2. Crossroads of the East
4. Word of God
5. the Word
4. Word of God
2. Crossroads of the West
1. latter days
Crossroads of the East (center of the ancient world) people had to come to the living prophets to receive the
Word of God.
In the Meridian of times, there was one called “the Word.” (John 1:1-2) He made it possible for us to return to the Fathers’ presence, that is the covenant.
The Word of God is
sent to the people throughout the world by living prophets living in the Crossroads of the West (which is the center of the modern world) in the latter days.
What may be the significance of a birth date?
Isaac was a miracle child, born of Sarah who was ninety-years old and barren. When she became pregnant, even in ancient parameters, one could ask, “what did the neighbors say?” That is where a reflection on language helps, because the name Isaac in Hebrew means laughter, humor, amusing or delightful. Abraham and Sarah were delighted. A supposed human impossibility turns out to be a God-given fulfillment. In the Lord’s own plan, he kept his promises (covenant)! “According to the Aggadah (Jewish legends and traditions), Isaac was born to Sarah on the first day of Passover,” (Encyclopedia Judaica Jr.) According to revelation, the Church of Jesus Christ of Latter-day Saints was organized, April 6, 1830, which in that year of the solar calendar, the Savior was born the same day. Using the biblical and Jewish lunar calendar, that day was the first day of Passover that year. That means that the firstborn Son of God was born to Mary on the first day of Passover. 18-centuries earlier, Abraham, who was saved from a pagan human sacrifice in the Ur of Chaldees was instructed by the Lord to sacrifice his firstborn son of Sarah. Later we see that Isaac was saved from human sacrifice as well. Those two men experienced a profound way of being taught about the planned atonement through the firstborn Son of God, who would, actually, be the one to be sacrificed.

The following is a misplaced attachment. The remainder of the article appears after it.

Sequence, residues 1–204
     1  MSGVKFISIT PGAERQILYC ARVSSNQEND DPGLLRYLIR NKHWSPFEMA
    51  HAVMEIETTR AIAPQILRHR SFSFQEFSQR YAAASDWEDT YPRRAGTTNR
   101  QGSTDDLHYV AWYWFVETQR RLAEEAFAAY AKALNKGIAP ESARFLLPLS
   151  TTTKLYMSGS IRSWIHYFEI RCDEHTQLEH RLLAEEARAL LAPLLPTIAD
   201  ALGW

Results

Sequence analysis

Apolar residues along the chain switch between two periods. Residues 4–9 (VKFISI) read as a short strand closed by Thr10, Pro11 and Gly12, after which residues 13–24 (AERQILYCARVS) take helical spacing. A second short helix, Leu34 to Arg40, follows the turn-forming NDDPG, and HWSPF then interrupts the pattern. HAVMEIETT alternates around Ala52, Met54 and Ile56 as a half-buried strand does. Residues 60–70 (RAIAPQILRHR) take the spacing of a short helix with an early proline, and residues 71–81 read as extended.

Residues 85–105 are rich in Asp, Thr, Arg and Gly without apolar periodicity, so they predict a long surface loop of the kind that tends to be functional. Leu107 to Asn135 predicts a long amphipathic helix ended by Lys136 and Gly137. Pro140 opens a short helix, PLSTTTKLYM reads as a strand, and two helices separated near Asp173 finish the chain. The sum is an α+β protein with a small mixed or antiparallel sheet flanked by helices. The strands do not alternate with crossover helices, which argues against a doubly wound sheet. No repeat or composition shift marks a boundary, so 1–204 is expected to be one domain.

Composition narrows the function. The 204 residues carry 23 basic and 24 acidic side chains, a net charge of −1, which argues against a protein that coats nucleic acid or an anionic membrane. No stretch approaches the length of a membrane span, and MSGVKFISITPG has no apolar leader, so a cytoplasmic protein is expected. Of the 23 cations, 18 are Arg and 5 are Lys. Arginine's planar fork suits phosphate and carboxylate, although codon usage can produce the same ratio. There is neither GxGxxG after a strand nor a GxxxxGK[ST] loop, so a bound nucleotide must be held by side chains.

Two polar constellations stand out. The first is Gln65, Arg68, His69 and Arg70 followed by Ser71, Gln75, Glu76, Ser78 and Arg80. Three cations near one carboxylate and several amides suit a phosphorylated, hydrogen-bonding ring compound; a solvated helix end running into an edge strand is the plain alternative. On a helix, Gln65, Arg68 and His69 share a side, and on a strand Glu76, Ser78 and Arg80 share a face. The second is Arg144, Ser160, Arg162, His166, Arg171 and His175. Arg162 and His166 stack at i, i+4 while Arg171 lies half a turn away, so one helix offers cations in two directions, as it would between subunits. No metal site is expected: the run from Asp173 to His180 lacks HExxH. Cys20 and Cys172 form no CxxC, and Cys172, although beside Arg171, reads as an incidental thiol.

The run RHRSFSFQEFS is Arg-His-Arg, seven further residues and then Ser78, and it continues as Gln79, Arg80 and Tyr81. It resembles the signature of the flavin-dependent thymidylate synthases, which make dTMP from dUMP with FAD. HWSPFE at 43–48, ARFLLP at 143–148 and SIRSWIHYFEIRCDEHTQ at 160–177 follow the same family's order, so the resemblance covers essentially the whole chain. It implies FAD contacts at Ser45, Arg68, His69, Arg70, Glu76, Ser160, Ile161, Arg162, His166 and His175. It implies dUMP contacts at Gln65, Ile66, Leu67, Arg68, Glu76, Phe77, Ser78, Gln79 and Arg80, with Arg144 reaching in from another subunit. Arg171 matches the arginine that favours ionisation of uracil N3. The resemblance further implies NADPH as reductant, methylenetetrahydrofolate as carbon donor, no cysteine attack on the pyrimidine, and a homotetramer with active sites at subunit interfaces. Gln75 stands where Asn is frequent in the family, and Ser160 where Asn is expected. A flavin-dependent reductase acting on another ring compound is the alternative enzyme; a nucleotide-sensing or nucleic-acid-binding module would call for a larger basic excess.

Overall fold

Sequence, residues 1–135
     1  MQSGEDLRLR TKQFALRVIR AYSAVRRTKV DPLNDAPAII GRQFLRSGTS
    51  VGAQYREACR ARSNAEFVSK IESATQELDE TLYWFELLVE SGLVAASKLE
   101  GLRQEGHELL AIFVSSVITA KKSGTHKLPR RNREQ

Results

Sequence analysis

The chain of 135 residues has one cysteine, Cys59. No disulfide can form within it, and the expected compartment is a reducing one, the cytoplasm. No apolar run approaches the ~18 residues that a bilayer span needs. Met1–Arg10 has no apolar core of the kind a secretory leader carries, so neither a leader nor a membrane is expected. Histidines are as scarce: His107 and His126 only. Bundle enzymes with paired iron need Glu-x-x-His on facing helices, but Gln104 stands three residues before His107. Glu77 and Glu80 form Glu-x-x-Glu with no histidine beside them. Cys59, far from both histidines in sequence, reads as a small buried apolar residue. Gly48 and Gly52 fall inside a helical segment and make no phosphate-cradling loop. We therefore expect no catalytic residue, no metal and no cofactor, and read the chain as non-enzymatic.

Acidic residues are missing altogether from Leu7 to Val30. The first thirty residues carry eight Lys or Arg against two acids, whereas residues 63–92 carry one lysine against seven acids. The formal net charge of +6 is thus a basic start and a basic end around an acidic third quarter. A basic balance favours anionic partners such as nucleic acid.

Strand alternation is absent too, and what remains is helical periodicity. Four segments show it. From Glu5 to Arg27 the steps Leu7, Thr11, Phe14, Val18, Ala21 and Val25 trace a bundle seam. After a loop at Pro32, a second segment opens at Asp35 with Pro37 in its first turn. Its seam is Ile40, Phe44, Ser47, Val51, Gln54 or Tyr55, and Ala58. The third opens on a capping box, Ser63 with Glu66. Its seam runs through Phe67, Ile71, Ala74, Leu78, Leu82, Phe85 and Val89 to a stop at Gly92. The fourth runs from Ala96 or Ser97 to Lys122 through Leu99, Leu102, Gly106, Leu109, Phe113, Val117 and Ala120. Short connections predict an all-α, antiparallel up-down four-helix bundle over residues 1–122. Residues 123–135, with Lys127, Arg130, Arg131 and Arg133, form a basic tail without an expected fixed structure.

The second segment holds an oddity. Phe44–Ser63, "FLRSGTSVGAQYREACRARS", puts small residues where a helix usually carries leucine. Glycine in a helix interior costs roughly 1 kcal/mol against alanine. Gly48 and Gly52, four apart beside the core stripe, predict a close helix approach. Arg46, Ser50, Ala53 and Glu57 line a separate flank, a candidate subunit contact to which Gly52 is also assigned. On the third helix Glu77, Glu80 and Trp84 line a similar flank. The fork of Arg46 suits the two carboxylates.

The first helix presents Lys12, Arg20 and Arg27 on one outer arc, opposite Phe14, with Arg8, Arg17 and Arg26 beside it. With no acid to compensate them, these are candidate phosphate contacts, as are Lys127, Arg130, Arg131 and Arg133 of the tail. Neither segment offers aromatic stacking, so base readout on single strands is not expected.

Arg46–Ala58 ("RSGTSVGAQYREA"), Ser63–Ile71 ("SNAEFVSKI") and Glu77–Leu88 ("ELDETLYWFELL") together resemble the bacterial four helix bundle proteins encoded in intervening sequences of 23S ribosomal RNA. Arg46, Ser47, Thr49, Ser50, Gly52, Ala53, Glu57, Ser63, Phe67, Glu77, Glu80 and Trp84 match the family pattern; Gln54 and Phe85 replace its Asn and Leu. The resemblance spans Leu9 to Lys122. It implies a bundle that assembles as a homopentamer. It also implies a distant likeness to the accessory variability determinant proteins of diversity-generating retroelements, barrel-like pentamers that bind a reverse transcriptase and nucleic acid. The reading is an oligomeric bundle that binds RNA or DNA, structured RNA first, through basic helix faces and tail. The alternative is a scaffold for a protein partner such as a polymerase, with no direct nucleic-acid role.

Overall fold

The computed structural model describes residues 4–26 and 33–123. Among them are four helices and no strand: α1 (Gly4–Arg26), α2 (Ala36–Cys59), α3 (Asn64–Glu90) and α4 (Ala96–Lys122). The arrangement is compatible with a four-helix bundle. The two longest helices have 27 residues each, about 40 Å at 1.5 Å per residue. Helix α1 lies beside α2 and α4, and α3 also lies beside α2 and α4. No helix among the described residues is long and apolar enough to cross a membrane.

What message did Biblical sacrifices teach?
“The Hebrew term for sacrifice, korban, is from a root meaning “to draw near,” and originally denoted that which was brought near, or offered, to God. It is also possible that the term signified “that which brings man near to God” and, indeed, a late Aggadic (Jewish legends and traditions) source interprets sacrifices in this sense.” (Encyclopedia Judaica Jr.) The place where Abraham was commanded to bring Isaac to be sacrificed was Mount Moriah. In Hebrew, ‘moreh’ refers to teacher and ‘Yah’ is the shortened version of the sacred name of the Lord, Jehovah. The sacrifice of Isaac was an experience in being “taught of the Lord.” It was part of the profound teaching moment of the Lord; the firstborn son, the Lamb of God, who would be offered at the same mount. “The next day John seeth Jesus coming unto him, and saith, Behold the Lamb of God, which taketh away the sin of the world.” (John 1:29) “And the angel said unto me: Behold the Lamb of God, yea, even the Son of the Eternal Father . . .” (1 Nephi 11:21) In ancient times, sacrifices always happened at the north end of the altar. This is mentioned in the Bible. “And he shall kill it on the side of the altar northward before the LORD: and the priests, Aaron’s sons, shall sprinkle his blood round about upon the altar.” (Leviticus 1:11) The place of crucifixion was at the north end of Mount Moriah, north of the altar. Additional symbolism can be found by comparing the rabbinic tradition that Isaac was in his early thirties when Abraham brought him to Mount Moriah. Jesus was sacrificed on the eve of his thirty-fourth birthday, (the first day of Passover that year).
How ancient is the “sacrament?”